A multinational team of astronomers, led by a Mumbai-based scientist, has solved a long-standing cosmic puzzle: How many years after the Big Bang did the universe achieve conditions that determined and eventually led to the universe we see around us today? The seven-member team, including 35-year-old theoretical physicist Girish Kulkarni from the Tata Institute of Fundamental Research (TIFR), Mumbai, found that the universe finished heating up 12.7 billion years ago by a process called reionisation that occurred due to light from young stars formed in the first galaxies. That’s 1.1 billion years after Big Bang. The paper was published in the April issue of the Monthly Notices of the Royal Astronomical Society, London. “Reionisation led to the universe we see around us,” said Dr Kulkarni, the paper’s lead author. “Without reionisation, the universe would be dark and cold with temperatures close to absolute zero (–273.15 degrees Celsius). The universe would not be hot as is today. There would be no galaxies or solar systems, and humans would not exist.”
Previous studies had suggested that reionisation occurred much earlier, within one billion years of the Big Bang, the accepted theoretical birth of our universe 13.8 billion years ago.
The ‘reionisation epoch’ is the period of time when ultraviolet light from the first galaxies ionised the gas in deep space, transforming the universe from a neutral to an ionised state in which it remains today. Simply put, ionisation is when an atom or a molecule acquires a negative or positive charge by gaining or losing electrons. An atom thus formed is called an ion. This takes places in combination with other chemical changes. In a neutral state, an atom will have an equal number of protons (positively-charged sub-atomic particles) and negatively-charged electrons.
Researchers said understanding the thermal evolution of the universe since the Big Bang fills a gap in our understanding of the universe’s history. The study findings will also aid future experiments such as the 10-nation Square Kilometre Array (SKA) of which India is a member and which aims to detect neutral hydrogen from the early universe to uncover as-yet-unseen epochs of cosmic evolution.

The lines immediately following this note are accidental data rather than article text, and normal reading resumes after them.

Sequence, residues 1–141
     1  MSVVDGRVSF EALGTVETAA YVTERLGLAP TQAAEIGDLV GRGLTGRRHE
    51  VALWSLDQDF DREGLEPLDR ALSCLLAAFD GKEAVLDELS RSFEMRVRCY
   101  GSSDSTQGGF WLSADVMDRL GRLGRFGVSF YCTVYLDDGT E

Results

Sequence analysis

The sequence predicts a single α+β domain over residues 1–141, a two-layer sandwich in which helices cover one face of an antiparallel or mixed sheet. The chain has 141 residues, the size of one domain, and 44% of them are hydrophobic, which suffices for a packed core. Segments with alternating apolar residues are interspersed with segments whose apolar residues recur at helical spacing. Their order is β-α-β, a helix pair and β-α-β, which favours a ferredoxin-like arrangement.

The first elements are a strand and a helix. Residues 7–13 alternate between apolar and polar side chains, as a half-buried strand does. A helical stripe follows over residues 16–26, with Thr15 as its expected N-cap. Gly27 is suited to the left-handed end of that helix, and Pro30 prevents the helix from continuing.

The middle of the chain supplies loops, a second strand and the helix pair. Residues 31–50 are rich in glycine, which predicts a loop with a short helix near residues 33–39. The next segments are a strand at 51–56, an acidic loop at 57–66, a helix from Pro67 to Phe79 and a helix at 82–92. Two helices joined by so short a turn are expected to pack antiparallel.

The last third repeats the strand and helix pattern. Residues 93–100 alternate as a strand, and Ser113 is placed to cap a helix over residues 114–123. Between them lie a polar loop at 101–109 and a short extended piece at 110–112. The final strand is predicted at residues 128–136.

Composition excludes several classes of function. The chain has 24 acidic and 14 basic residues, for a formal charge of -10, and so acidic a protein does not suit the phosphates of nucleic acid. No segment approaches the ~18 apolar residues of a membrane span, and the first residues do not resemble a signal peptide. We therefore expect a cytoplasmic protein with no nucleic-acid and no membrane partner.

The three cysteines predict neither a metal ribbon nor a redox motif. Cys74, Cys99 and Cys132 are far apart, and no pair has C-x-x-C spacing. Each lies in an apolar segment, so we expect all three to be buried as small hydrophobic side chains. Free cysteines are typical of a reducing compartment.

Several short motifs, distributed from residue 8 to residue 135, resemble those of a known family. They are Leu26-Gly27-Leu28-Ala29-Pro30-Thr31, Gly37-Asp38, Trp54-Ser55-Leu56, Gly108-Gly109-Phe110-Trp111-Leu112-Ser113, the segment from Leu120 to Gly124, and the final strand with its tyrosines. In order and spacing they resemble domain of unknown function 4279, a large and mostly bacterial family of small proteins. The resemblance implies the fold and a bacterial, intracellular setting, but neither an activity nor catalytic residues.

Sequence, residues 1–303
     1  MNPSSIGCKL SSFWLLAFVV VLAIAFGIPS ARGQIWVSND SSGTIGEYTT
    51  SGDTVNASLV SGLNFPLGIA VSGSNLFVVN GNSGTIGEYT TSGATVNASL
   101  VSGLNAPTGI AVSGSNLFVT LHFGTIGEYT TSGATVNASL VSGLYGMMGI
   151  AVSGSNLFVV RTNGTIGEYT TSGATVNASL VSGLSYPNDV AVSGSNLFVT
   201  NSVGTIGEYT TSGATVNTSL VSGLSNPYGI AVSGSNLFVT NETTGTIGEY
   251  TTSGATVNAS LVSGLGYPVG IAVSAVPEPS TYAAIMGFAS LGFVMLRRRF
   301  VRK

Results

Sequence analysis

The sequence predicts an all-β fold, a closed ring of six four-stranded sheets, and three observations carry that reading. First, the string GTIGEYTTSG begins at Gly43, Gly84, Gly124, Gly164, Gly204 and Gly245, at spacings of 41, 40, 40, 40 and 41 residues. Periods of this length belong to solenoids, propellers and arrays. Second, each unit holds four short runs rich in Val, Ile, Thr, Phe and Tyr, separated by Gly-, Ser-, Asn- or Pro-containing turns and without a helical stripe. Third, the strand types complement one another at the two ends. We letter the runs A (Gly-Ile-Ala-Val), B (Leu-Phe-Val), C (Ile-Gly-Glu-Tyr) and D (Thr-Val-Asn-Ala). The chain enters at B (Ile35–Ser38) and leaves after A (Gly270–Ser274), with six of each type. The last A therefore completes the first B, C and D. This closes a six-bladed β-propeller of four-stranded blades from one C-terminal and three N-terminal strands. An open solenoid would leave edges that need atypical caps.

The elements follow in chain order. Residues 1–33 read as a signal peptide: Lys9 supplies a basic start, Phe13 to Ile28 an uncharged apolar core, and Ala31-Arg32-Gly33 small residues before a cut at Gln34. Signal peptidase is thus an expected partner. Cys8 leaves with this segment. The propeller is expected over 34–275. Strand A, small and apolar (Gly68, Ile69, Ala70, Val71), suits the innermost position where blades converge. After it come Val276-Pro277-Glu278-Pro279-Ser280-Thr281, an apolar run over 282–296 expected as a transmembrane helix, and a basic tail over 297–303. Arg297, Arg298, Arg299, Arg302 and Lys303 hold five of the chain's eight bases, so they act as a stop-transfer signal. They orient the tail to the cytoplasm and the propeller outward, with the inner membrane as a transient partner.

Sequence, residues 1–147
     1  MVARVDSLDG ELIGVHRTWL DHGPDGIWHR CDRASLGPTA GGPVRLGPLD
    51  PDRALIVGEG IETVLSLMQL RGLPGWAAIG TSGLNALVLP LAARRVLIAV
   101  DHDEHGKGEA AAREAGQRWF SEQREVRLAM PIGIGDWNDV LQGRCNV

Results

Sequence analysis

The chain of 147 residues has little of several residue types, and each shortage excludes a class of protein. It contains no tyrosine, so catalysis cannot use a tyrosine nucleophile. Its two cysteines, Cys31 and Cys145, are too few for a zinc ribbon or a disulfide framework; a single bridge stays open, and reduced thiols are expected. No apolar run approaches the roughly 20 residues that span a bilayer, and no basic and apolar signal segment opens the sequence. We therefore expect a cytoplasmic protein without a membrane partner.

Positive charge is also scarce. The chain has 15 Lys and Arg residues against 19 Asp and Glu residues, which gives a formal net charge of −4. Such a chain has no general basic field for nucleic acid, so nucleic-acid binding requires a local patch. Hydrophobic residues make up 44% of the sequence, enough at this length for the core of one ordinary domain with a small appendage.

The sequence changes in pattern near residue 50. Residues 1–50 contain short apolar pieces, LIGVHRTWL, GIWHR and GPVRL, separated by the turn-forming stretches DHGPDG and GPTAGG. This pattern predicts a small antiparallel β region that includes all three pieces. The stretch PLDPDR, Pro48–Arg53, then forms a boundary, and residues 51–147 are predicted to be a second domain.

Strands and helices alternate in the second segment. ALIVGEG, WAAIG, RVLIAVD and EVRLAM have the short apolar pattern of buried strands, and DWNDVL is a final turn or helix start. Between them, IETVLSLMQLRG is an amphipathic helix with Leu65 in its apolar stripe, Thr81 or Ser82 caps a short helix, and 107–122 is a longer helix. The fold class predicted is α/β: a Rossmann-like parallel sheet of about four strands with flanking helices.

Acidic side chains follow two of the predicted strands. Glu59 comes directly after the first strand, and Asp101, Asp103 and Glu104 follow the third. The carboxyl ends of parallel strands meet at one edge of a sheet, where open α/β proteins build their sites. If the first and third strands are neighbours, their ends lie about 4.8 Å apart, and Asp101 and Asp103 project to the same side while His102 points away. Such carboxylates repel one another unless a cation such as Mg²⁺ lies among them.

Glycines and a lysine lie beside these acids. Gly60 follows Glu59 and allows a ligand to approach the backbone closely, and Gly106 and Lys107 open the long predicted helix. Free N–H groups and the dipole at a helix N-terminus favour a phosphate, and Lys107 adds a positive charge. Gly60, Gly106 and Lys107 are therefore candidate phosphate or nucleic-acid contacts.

“Late reionisation is also good news for future experiments that aim to detect the neutral hydrogen which is important to uncover cosmic evolution from the early universe,” Kulkarni said. “The later the reionisation, the easier it will be for experiments such as SKA to succeed.”
Knowing the accurate time of reionisation is important, said researchers, to better understand the formation and characteristics of the first galaxies.
“The findings are very significant,” said George Becker, professor at the department of physics and astronomy, University of California, Riverside, who was not involved in the study and whose research interests include cosmic reionisation. “The authors have shown, for the first time, that reionisation, one of the most significant events in the universe, may have lasted far longer than previously thought. When reionisation occurred carries implications for the properties of the first galaxies.”
Fifty million years after the Big Bang, the universe – mostly made of gas at temperatures a few degrees above absolute zero – was dark, and devoid of bright stars and galaxies. During reionisation, the universe transitioned out of these cosmic dark ages and is today filled with hot and ionised hydrogen gas at a temperature of around 10,000 degrees Celsius.
Hydrogen gas dims light from distant galaxies much like streetlights are dimmed by fog on a winter morning. By observing this dimming of a special type of bright galaxies called quasars, astronomers can study conditions in the early universe.
In the last few years, observations of this specific dimming pattern suggested that this fogginess of the universe varies significantly from one part of the universe to another, but the reason behind these variations was unknown.